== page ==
This novel is a compendium of memories, a collection of stories of the dead and the living; those from the past are told in the first person. The story of Adam Wiebe, the novel's central character, is told objectively by an implied narrator/author, but the story can only come forth from an intelligence that has read the letters, looked at the pictures, visited the sites, studied the history, heard the stories as Adam Wiebe has. The first of the first-person narratives is told by the daughter of Weynken Claes, whose death by fire in the Hague in 1527 was recorded in The Lord's Sacrifices (1562) and the Martyrs Mirror (1660). Perhaps the most riveting of the first-person narratives is that told by Elizabeth Katerina Wiebe about her fate and that of the old people she cared for at the hands of Russian soldiers in 1945.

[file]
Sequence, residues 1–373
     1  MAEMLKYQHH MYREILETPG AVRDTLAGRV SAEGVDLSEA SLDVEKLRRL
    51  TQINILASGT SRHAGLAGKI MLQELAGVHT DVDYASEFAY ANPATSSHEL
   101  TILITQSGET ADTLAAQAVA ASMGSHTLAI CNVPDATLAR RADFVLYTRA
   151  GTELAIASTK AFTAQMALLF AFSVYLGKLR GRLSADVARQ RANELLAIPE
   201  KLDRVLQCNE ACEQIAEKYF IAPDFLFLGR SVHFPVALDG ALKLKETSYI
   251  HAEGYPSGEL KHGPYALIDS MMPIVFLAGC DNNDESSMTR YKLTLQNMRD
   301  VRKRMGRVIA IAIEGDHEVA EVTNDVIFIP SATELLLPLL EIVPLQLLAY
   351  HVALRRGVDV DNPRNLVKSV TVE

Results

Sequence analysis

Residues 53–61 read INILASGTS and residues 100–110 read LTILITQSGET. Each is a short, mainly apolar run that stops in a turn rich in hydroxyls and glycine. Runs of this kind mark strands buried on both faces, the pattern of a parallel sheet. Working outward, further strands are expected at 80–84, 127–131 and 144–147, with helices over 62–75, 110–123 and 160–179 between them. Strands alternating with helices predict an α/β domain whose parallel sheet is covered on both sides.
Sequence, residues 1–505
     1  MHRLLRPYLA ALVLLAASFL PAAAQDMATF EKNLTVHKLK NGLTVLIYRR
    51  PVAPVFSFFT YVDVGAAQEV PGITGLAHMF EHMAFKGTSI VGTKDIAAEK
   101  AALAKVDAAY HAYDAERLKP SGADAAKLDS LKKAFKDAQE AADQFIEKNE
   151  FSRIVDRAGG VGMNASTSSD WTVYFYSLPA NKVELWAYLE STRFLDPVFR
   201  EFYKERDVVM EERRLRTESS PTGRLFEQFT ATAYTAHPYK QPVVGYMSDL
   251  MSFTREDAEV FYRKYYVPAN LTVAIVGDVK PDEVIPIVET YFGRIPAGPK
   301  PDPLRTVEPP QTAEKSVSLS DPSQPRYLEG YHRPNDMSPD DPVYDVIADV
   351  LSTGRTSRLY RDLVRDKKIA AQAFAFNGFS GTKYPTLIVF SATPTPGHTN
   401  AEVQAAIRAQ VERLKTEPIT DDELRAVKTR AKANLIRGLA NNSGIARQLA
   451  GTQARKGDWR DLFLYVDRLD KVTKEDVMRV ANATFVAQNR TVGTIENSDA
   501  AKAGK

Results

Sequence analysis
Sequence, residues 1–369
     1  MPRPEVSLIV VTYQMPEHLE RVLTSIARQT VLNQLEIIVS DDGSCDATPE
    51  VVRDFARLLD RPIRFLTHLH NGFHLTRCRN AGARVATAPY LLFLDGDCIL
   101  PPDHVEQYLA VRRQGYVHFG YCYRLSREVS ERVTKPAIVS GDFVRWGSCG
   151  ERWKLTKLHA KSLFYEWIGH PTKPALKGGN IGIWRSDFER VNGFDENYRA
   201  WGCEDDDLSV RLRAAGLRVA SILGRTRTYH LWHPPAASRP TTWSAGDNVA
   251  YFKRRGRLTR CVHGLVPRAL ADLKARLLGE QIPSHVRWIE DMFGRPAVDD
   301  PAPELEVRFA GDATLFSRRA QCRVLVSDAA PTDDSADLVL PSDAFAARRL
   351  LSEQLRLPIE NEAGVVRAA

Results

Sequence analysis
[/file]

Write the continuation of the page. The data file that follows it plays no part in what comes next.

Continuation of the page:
Always the voices of the ancestors speak as if in Adam's head in time present. For example, Jan Adam Wens in telling his story says, "I built the wide stone base of the fountain [the Neptune Fountain in Danzig] where it still stands after 370 years" (72). Jan Adam Wen's mother Maeyken Wens was burned at the stake January 28, 1628, and his hands were scarred for life by the hot tongue screw that he picked up from her ashes at age three. "Sometimes," Jan says, "I see my scarred hands and tools chipping away forever at what already exists: our immovable past. . . . Hand, hammer, chisel, stone and the years of our life, we keep on trying to split and shape them right; so they will fit. . . . If you could remember perfectly, could you shape a horror the way you work a stone? Shape it for what? To build what?"(65). His work, his scars, his questions still stand after 370 years and they become part of Adam Wiebe's life experience.